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Labor Officials Defend Contentious Draft Law on Unions


Suon Bunsak, executive secretary of the Cambodian Human Rights Action Committee (CHRAC) holds the pocket version of Cambodia's constitutional law during a press conference on the “stop and consult” campaigning about the draft Law on Associations and Nongovernmental Organizations on Monday, May 4, 2015.

Suon Bunsak, executive secretary of the Cambodian Human Rights Action Committee (CHRAC) holds the pocket version of Cambodia's constitutional law during a press conference on the “stop and consult” campaigning about the draft Law on Associations and Nongovernmental Organizations on Monday, May 4, 2015.

Officials from the Ministry of Labor on Friday defended the drafting of a law to regulate labor unions—one that critics say could be a detriment to workers’ rights.

Some 600,000 people are employed by the garment sector, by far the largest employer in the country. But many workers say they are not earning enough though the government-mandated minimum wage of $128 per month. Unions have strong support among such workers.

Labor Ministry officials said Friday that a draft law, which could be wrapped up soon, will help support union organization.

Union leaders said this week, however, that the law could prevent unions from forming, or workers from joining them, and was written at the behest of factory managers.

“Don’t forget that this law was requested by the employers, and the government agreed to it, meaning that it is made to protect the interest of the employers,” Ath Thon, president of Cambodian Labor Confederation, told VOA Khmer.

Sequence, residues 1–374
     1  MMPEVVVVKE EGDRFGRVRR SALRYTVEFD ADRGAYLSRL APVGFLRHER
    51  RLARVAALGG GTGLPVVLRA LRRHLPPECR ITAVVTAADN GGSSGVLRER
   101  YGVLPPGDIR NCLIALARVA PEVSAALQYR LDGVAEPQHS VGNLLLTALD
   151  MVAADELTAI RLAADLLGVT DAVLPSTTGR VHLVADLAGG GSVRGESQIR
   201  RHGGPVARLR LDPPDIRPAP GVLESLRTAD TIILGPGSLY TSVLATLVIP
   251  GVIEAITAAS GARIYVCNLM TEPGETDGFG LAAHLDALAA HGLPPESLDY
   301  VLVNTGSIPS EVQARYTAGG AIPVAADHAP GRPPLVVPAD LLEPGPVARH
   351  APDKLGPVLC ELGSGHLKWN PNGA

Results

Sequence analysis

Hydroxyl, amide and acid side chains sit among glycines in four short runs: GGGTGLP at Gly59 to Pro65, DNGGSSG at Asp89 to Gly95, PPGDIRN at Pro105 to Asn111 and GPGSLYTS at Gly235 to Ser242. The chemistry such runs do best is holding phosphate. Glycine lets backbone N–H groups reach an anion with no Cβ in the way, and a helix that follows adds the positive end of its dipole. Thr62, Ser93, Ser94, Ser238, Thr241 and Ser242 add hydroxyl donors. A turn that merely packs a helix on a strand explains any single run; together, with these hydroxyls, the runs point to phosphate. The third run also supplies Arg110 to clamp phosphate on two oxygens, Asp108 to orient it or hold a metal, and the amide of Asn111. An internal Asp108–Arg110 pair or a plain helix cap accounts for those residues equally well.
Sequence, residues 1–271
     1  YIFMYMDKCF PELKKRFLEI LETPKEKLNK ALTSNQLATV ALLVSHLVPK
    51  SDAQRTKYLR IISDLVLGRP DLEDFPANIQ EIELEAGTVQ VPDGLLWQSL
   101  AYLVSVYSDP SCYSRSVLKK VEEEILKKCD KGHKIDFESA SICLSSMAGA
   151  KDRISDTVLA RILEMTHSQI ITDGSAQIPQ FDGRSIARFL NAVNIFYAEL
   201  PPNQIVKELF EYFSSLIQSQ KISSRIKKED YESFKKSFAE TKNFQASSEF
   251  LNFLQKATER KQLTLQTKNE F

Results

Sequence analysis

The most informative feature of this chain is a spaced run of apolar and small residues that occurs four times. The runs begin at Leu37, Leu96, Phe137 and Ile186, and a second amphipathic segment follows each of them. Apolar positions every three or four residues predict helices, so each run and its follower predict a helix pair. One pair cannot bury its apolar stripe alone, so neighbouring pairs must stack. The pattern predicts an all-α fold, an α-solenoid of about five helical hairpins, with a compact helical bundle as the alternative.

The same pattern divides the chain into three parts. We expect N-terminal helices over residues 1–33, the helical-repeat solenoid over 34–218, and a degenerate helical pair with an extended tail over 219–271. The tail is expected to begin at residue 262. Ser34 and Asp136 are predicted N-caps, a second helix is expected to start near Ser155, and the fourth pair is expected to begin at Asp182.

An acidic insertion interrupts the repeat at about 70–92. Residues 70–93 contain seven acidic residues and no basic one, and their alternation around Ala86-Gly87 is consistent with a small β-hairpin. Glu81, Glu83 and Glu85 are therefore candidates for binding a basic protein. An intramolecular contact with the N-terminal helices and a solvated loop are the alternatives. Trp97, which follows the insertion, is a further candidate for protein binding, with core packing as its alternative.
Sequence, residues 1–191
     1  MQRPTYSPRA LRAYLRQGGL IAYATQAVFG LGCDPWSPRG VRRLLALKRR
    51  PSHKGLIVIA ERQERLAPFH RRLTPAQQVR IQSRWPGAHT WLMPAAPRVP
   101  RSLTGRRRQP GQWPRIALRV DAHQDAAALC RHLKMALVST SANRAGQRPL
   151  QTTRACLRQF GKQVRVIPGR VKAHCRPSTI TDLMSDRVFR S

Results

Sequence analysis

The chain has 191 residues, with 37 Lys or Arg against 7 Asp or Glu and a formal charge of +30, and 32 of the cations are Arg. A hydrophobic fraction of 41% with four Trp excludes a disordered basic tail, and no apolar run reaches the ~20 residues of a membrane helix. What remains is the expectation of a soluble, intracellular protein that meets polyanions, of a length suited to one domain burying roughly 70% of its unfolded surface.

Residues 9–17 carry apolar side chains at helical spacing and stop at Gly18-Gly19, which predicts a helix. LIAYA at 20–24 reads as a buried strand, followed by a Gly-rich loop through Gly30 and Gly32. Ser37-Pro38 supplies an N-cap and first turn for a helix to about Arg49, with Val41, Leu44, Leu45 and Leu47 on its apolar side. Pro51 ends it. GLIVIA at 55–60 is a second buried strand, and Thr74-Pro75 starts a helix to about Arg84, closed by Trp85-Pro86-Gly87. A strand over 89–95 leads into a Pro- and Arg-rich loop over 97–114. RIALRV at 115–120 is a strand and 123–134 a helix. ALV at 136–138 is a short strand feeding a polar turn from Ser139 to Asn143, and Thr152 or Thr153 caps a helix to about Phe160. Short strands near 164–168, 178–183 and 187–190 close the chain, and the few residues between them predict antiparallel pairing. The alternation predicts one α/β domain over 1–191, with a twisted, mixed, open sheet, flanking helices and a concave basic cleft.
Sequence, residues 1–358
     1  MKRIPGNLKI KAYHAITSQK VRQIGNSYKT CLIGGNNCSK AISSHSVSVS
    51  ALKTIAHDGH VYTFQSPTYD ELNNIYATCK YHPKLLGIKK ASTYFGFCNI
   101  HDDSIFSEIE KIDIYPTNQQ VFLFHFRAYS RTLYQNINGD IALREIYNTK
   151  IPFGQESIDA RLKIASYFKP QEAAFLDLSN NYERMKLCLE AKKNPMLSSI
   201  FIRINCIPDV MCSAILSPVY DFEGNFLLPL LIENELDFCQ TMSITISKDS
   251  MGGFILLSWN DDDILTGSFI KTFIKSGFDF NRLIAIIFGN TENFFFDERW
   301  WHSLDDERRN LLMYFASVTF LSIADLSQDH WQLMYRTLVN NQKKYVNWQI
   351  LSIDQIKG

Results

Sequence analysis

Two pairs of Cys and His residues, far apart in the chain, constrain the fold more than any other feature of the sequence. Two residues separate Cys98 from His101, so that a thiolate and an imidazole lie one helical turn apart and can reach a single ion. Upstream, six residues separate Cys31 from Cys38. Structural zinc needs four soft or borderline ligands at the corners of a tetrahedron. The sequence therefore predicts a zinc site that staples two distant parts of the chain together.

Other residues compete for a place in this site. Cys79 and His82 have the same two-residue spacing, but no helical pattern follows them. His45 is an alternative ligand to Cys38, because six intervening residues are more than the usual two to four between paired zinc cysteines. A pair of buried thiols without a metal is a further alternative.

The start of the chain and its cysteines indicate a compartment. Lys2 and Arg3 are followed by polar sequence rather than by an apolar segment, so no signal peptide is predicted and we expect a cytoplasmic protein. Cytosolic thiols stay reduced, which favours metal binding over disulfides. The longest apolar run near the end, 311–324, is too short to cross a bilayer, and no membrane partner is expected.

Union leaders say they are ready to send a letter to Labor Minister Ith Sam Heng, along with the National Assembly and the international community, calling for a stop to the drafting of the law.

The draft law “doesn’t reflect the protection and strengthening of rights and freedom and interest of the employees, because there are many articles restricting the freedom of unions,” the letter says.

One article of the draft requires 20 percent of workers to support a union in order for it to form. Other articles stipulate major fines and punishments for unions in the case of worker unrest. The draft law also requires unions to register with the government and to be certified in order to operate.

Van Sou Ieng, president of Garment Manufacturers Association in Cambodia, said the law will give confidence to investors, who currently are afraid to open factories here, “because the workers await instructions from unions to stage strikes at any time, without legal procedures.”

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